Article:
Posted by: Cindy Dobrez and Lynn Rutan
Lynn: Frogs are high interest to kids and frequently populate picture books, leaping about in a wild variety of adventures. So it is nice to review two excellent frog books – this time nonfiction.
The first is Frog Song (Henry Holt 2013) by Brenda Z. Guiberson. In this stunning book, eleven species of frogs are introduced with a focus on the sounds they make. Each two-page spread features a paragraph of information that is a delight to read aloud and a beautiful watercolor and pencil illustration by Gennady Spirin that fills the over-sized pages. This is the same team that gave us Life in the Boreal Forest (Henry Holt 2009) and this is another treat for the eyes and ears. The back matter is equally well done with smaller pictures of each frog and more information about each one, a page on Frogs in Trouble and an extensive bibliography, both print and online. Frog fans of all ages will love this.
Cindy: Best Foot Forward: Exploring Feet, Flippers, and Claws (Holiday House 2013) by Ingo Arndt isn’t really a frog book, but it includes the feet of two frogs (the red-eyed tree frog and the African clawed frog). It also includes the feet of ostriches, beetles, squirrels, chimpanzees, caterpillars and lobsters. The book is organized by foot activity: Feet that walk, climb, jump, swim, etc. Each section opens with a two page spread of a stunning foot close-up asking “Whose foot is this?” The page turn features the reveal with the whole animal and smaller photos of additional animal feet that fit the same category, accompanied by simple text. The photos of extreme feet close-ups will fascinate young readers and the descriptions of how various animals motor about with their unique “foot” features will be equally interesting.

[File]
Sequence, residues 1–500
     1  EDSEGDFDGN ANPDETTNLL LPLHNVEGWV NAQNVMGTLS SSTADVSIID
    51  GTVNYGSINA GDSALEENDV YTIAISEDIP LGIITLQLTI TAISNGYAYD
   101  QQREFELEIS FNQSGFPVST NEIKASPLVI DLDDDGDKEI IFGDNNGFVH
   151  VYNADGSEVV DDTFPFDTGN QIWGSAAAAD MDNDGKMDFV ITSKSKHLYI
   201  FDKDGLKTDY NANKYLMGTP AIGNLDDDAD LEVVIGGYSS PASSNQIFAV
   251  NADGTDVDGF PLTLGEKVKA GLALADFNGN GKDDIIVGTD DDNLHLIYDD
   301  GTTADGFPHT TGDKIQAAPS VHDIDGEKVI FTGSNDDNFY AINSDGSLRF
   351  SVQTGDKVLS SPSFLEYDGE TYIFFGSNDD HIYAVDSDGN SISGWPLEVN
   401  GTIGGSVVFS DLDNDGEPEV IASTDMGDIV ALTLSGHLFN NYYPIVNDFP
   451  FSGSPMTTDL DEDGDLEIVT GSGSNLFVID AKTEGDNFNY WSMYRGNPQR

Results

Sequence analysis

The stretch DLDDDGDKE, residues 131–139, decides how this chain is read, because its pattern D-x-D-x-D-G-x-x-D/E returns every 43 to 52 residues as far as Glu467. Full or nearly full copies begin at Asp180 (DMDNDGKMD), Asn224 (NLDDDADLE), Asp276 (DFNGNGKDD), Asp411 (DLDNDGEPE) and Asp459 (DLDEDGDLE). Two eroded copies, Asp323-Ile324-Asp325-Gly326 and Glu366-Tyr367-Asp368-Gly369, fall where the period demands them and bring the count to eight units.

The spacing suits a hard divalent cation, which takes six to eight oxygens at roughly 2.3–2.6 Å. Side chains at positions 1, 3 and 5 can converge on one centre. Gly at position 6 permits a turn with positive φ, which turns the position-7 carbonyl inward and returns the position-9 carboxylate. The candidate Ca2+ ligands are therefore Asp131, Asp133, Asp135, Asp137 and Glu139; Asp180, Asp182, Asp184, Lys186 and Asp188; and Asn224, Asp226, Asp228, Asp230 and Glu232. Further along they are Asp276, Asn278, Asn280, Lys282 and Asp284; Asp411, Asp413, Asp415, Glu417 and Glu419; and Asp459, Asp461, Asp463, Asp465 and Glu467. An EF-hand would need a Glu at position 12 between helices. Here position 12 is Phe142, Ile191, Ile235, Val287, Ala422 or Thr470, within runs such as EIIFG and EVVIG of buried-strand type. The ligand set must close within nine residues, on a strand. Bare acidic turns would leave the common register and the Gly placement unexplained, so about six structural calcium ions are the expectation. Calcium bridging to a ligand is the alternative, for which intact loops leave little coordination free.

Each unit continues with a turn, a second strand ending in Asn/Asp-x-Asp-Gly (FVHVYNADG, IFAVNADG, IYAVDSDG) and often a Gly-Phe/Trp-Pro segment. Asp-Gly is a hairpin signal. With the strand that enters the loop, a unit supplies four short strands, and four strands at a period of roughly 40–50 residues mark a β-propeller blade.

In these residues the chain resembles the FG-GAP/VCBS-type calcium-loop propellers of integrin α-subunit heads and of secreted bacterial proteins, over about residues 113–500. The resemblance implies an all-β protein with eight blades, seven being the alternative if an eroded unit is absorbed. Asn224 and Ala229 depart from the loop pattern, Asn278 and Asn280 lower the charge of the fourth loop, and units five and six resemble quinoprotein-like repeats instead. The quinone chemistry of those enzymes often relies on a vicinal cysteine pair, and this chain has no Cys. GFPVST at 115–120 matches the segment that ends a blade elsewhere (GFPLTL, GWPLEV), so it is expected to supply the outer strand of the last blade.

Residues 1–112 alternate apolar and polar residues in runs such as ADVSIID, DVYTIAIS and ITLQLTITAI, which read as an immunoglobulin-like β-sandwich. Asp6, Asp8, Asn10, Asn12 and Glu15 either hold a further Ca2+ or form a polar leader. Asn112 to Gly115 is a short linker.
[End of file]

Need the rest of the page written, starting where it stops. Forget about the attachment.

Common Core Connection
CCSS.ELA-Literacy.RI.2.5 Know and use various text features (e.g., captions, bold print, subheadings, glossaries, indexes, electronic menus, icons) to locate key facts or information in a text efficiently.
Have students select an animal in the index and then find the page, and then use the captions to find that animal in one of the photos on that page.
CCSS.ELA-Literacy.W.2.6 With guidance and support from adults, use a variety of digital tools to produce and publish writing, including in collaboration with peers.
Modeling the format of Arndt’s book, have students work in pairs to find a photograph of an animal’s foot online and then insert it in a document and write about the animal how his foot helps the animal move. Label the category in which it fits (feet that walk, climb, jump, etc.) and assemble the students’ work into a classroom book of animal feet.
This week’s Nonfiction Monday blog round-up is being hosted by Sally’s Bookshelf. Head on over for more nonfiction posts. Great minds think alike, Sally’s Bookshelf reviewed Best Foot Forward today, too!